When I first read the article Gainsborough's 1754 self-portrait immediately popped into my head.  Painted when Gainsborough was in his late teens, this unfinished work shows how Gainsborough's proficiency was still developing.  The skill demonstrated in the miniature seems much more honed than that of the 1754 portrait which was done by a young man who had studied art in London for about five years.

The other peculiar thing about this newly revealed painting is the sitter's eyes.  From what I can tell, they are brown.  If we look at Gainsborough's self-portrait from 1787 two blue eyes are looking at us.  Supposed portraits of Marie Antoinette have been disproved merely by incorrect eye color. 

I am curious to see where this discovery will go.  What do you think?

Sunday, August 7, 2011

Yay or Nay? Jacques Cathelineau

Week after week I've come to find out that I can't predict the outcome of our weekly selection.  So is the case of Mrs. Peale, who I assumed would have to simple a dress for everyone's taste.  I was wrong and Mrs. Peale earned a Yay.  This week, let's look at what handsome French war heroes were wearing.

Anne-Louis Girodet de Roussy-Trioson paints Jacques Cathelineau in his dashing outfit fit more for a pirate than soldier.  Yay or Nay?

[Musée d' Histoire et des Guerres de Vendee]

Tuesday, August 2, 2011

The Grueling Life of a Vicar

While reading Jane Austen's books do you find yourself wondering why so many characters' love interests are either in the clergy or planning to enter the clergy as their career path?  Well, the answer could be as simple as the fact that Jane was the daughter of a rector herself, but I believe it has something to do with most of her books dealing with love interests in the upper classes.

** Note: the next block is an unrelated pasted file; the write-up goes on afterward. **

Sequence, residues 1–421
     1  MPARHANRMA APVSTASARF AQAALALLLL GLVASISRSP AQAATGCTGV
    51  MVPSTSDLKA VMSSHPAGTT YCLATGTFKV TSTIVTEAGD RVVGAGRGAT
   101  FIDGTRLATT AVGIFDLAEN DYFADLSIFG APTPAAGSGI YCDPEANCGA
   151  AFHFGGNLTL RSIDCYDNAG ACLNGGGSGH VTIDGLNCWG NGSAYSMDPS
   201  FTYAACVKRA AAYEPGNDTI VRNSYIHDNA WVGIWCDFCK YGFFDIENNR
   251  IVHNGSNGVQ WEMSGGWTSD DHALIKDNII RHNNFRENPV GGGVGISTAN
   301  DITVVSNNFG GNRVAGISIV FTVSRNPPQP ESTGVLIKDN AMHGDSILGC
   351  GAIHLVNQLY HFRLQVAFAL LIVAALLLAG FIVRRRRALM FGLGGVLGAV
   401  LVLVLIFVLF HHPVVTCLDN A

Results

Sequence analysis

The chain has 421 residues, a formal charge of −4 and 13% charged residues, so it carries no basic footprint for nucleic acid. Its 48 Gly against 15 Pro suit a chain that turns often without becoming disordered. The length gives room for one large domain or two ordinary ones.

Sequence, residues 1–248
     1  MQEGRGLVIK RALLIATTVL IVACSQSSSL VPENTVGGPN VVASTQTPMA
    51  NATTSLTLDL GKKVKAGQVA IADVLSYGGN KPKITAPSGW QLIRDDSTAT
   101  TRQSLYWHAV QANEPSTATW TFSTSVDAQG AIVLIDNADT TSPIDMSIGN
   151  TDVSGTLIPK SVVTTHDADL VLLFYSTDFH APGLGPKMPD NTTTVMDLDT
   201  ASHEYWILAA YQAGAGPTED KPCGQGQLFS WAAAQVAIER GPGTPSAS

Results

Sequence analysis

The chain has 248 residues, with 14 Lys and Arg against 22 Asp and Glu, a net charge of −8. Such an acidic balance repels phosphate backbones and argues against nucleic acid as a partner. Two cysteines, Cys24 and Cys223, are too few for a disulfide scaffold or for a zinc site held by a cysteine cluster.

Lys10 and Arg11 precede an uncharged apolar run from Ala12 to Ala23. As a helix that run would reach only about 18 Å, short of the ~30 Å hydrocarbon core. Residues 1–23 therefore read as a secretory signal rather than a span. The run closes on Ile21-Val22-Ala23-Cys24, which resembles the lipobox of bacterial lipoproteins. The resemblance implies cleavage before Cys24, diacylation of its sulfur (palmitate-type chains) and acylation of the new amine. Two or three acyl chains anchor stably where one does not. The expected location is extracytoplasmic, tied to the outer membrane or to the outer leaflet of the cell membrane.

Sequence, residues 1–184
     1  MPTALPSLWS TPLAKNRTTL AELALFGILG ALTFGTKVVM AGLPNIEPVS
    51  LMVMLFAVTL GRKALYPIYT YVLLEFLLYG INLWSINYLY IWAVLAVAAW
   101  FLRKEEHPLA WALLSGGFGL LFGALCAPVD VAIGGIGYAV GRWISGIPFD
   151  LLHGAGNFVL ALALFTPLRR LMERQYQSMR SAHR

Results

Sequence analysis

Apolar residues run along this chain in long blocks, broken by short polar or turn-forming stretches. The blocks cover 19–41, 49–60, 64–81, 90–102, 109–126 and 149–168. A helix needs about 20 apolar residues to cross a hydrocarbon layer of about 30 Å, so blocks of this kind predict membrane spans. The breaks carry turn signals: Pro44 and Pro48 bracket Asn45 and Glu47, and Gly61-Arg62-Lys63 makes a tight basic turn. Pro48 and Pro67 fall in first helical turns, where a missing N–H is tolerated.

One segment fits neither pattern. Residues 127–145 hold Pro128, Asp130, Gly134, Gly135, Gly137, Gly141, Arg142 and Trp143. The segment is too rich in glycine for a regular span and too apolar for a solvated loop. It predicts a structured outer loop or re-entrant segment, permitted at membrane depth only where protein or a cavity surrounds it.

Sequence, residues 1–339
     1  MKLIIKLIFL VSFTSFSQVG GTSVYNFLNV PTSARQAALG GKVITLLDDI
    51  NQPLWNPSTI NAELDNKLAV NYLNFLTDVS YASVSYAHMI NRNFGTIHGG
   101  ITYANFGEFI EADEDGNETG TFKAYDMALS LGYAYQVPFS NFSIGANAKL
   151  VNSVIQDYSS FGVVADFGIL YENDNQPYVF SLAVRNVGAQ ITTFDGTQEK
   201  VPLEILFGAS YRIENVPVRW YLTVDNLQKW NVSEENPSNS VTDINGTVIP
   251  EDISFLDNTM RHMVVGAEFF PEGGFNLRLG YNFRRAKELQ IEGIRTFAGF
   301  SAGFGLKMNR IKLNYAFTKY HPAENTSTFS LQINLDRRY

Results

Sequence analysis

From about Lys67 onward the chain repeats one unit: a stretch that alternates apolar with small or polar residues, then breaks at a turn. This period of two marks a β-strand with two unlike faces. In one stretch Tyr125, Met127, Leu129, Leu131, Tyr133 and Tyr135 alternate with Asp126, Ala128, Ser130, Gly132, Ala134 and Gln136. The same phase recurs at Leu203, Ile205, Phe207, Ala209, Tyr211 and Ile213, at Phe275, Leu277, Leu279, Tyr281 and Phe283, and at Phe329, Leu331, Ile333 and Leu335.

In the age of the aristocrat, younger sons were notoriously out of luck when it came to inheriting titles and lands and all other good things that came with be born into a wealthy family.  That meant they had to get a job.  No, not one where they'd actually have to work, Silly! They were still blue blood after all.  The two common options for these younger sons was a career in the military (like Frederick Tilney in Northanger Abbey) or the clergy (like Henry Tilney or Edmund Bertram from Mansfield Park).  Although the two career paths seem quite opposite, one did not necessarily have to have a strong faith in order to become an Anglican vicar or rector.  In fact, having your own rectory or vicarage was quite easy, hence the blue blood career choice, there were books of sermons which you could read from every Sunday in church (most of England didn't attend regularly at the time anyway so it didn't matter).  Local farmers were forced to pay the salary of the local clergy so quality of work was of little consequence.

It's no wonder so many rich young men chose this "humble" career.  It allowed for a lot of free time in order to pursue other hobbies; hobbies which had nothing to do with being a man of God.  In Bill Bryson's book, At Home, he has laid out what a few of these clergymen managed to accomplish with their free time: